The U.S. House of Representatives on Friday passed Democrats' opening bid for Congress' fifth COVID-19 relief package, including another $100 billion for healthcare providers.
The Health and Economic Recovery Omnibus Emergency Solutions Act passed 208-199, though it's likely dead on arrival in the GOP-led Senate. Some moderate Democrats, the sponsor of the House version of Medicare for All legislation, and almost all Republicans voted against the bill.
It's unlikely that Congress will take action before Memorial Day, but Senate Majority Leader Mitch McConnell (R-Ky.) said on Thursday that he does expect another relief package will be needed eventually, but did not lay out a timeline.
The HEROES Act includes a new $100 billion allocation for the healthcare provider relief fund, but the money comes with new guardrails. Lawmakers had previously given HHS wide authority to distribute $175 billion to providers.
The bill also would relax the repayment terms for $100 billion in Medicare accelerated and advance payments, increase federal Medicaid matching funds from 6% to 14%, prohibit HHS from finalizing the Medicaid Fiscal Accountability Rule and a 2.5% increase in Medicaid disproportionate-share hospital payments for fiscal years 2020 and 2021.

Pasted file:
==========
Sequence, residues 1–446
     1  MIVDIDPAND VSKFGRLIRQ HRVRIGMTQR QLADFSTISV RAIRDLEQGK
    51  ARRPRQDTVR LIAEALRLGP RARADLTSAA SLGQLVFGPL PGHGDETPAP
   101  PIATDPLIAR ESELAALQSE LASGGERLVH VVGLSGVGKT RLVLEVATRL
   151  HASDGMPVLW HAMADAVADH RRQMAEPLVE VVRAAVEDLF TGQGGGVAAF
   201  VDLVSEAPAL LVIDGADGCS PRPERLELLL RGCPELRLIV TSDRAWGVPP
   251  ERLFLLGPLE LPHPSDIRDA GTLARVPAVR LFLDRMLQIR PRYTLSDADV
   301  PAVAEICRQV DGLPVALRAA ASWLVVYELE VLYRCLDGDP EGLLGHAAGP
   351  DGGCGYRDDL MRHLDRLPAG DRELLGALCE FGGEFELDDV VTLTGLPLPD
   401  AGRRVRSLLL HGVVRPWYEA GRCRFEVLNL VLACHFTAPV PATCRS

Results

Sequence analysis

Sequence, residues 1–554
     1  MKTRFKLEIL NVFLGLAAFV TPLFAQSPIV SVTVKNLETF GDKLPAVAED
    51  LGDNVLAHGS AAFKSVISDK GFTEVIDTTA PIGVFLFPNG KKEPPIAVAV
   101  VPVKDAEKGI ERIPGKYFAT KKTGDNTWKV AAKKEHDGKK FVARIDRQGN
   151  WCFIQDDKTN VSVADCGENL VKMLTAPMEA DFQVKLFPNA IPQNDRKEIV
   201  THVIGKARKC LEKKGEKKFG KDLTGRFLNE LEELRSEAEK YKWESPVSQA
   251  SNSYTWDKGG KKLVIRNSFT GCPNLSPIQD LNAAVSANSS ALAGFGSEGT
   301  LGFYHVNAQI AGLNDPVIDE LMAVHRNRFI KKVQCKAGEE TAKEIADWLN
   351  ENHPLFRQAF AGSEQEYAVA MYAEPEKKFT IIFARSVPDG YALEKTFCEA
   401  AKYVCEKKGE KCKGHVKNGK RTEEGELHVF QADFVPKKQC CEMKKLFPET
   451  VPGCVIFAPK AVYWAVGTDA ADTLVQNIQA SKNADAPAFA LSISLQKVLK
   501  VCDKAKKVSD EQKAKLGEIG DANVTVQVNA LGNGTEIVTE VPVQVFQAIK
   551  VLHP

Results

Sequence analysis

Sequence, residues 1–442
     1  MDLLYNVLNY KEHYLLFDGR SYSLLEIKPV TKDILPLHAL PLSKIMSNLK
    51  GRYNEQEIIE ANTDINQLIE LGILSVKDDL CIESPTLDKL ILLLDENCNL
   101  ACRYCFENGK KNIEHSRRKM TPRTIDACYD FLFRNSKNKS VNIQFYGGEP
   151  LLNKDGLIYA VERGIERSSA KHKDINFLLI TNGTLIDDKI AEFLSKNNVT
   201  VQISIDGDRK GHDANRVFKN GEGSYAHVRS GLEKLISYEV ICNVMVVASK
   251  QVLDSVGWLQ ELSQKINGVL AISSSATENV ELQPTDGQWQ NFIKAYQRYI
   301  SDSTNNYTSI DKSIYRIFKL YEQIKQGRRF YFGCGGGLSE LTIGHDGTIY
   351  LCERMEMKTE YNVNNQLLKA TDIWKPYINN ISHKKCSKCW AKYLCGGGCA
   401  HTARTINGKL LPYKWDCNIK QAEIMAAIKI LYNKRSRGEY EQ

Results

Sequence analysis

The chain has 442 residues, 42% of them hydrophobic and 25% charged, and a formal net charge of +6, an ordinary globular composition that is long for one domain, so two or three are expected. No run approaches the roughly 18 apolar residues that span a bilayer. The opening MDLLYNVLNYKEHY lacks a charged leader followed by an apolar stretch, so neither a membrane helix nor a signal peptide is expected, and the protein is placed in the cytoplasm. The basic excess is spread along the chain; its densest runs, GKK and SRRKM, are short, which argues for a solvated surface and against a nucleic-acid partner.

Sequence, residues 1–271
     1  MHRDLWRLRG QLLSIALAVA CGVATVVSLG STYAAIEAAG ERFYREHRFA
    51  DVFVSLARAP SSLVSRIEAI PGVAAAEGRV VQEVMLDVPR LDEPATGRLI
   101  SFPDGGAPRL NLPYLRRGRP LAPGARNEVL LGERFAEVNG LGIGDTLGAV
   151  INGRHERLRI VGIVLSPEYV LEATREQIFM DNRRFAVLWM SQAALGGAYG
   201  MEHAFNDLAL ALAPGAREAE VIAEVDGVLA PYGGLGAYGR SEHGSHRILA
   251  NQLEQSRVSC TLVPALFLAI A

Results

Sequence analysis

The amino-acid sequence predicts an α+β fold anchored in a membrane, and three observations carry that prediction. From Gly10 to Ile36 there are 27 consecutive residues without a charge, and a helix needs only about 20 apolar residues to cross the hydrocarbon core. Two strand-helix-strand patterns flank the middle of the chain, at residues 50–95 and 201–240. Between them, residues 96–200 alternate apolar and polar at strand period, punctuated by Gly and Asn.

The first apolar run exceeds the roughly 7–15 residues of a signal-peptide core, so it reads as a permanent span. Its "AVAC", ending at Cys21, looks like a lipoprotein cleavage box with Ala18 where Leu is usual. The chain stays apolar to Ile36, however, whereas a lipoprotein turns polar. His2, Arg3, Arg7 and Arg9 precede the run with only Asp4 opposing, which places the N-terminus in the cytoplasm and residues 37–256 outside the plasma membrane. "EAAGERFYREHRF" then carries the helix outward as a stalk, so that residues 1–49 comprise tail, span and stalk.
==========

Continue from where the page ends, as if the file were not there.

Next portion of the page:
Insurers also got a few of their priorities included: a two-month special enrollment period for Affordable Care Act exchanges and a 100% subsidy for COBRA coverage for nine months.
The White House on Thursday cited Hyde Amendment issues with Democrats' COBRA subsidy idea as a reason the president would veto the bill, saying it undermines "the sanctity of life."
The Joint Committee on Taxation estimated that the nine-month 100% COBRA subsidy would cost $106 billion over 10 years.